Dozens killed in deadliest day since myanmar military takeover

The Myanmar junta have blamed protesters for the deaths, despite the security services using live ammunition against largely unarmed and peaceful demonstrators

A man carries a sandbag to erect a barricade, as another burns in the distance, as security forces staged a crackdown on demonstrations against the military coup, in Mandalay on 22 March (Picture: Getty Images)

Dozens of people have been killed in Myanmar, on the deadliest day since the military takeover.

The deaths were reported as Myanmar's military celebrated the annual Armed Forces Day holiday with a parade in the country's capital, Naypyitaw.

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Deaths recorded are thought to be around 100, with many more injured across around 40 locations - according to the United Nations.

Among the dead were four outside a police station in the Dala suburb of Yangon, Myanmar Now reported.

BBC Burmese also reported protester deaths in towns and cities such as Magway, Mogok, Kyaukpadaung and Mayangone.

The death toll makes Saturday (27 March) the deadliest day yet, as between 74 and 90 were recorded as the previous high on March 14. Children and civilians were among those killed.

Figures of deaths are hard to verify, but those collected by the Assistance Association of Political Prisoners (AAPP) are widely seen as a definitive source.

The killings have been condemned by politicians across the world, including British Foreign Minister Dominic Radd, who called the tens of deaths “a new low.”

The European Union's delegation to Myanmar Tweeted: "This 76th Myanmar armed forces day will stay engraved as a day of terror and dishonour.

"The killing of unarmed civilians, including children, are indefensible acts."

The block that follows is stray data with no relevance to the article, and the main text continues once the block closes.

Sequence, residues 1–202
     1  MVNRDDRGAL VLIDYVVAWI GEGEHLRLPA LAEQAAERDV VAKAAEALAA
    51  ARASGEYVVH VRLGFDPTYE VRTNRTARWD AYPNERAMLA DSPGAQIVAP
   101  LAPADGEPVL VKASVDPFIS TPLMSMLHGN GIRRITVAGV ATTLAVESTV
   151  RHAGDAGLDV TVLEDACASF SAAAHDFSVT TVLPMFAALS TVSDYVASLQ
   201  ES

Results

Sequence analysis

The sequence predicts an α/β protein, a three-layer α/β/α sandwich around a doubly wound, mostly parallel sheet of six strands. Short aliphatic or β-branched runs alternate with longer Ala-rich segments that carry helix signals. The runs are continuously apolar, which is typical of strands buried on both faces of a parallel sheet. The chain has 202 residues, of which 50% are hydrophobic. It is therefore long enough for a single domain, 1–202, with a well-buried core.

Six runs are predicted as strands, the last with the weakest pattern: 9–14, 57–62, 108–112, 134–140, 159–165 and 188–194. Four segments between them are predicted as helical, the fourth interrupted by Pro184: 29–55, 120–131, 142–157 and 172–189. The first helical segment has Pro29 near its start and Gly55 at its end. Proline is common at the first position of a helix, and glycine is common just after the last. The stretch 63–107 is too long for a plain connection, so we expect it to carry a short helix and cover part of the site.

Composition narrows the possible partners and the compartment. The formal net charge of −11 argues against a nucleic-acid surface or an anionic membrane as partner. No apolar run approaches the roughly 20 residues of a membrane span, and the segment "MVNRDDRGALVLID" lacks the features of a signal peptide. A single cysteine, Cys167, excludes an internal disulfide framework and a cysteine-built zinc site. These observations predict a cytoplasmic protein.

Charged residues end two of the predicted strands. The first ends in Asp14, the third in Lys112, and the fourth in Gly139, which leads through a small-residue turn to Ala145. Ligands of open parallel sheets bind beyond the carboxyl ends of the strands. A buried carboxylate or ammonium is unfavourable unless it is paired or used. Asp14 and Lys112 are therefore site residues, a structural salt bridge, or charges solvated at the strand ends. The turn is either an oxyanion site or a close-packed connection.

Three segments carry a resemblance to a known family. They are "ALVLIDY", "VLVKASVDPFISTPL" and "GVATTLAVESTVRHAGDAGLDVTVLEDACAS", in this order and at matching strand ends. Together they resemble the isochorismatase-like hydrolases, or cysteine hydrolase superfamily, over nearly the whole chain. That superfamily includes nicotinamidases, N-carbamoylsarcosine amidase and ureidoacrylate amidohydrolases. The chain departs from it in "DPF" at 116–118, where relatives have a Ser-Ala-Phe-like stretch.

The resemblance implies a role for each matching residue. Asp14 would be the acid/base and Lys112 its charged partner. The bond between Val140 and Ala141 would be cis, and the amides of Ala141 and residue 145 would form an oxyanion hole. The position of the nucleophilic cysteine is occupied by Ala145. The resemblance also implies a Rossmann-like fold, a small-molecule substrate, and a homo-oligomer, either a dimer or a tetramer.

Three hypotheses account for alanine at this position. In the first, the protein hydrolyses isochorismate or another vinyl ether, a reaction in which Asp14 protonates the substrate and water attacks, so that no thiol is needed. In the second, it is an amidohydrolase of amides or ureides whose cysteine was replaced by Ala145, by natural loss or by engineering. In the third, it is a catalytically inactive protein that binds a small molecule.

US ambassador Thomas Vajda said :"security forces are murdering unarmed civilians.

“These are not the actions of a professional military or police force, Myanmar's people have spoken clearly, They do not want to live under military rule."

The AAPP has reported 328 deaths since the beginning of February, as authorities forcibly suppress the opposition of the 1 February coup.

The coup ousted the elected government of Aung San Suu Kyi and reversed years of progress towards democracy after five decades of military rule.

During his speech to recognise the Armed Forces, Junta chief senior general Min Aung Hlaing referred only to "terrorism which can be harmful to state tranquility and social security", adding that it was unacceptable, but did not not condemn the deaths.

Following the day of violence on Friday, State television MRTV aired an announcement urging young people - who have made up large waves of protesters and casualties - to learn a lesson from those killed during demonstrations about the danger of being shot in the head or back.

The announcement also urged parents to have talks with their children about taking part in the protests, claiming some were treating the deadly protests as a game.

The warning has largely been taken as a threat, warning young people that authorities are shooting to kill - as many casualties have received shot wounds to the head.

The Myanmar junta has blamed demonstrators for the violence, some protesters in Yangon have used bow and arrows - in contrast to the security forces using live ammunition against largely unarmed and peaceful protesters.

Phil Robertson, deputy Asia director for New York-based Human Rights Watch, said Saturday's events showed that the military, known in Myanmar as the Tatmadaw, should be prosecuted in international courts of law.

"This is a day of suffering and mourning for the Burmese people, who have paid for the Tatmadaw's arrogance and greed with their lives, time and time again," he said.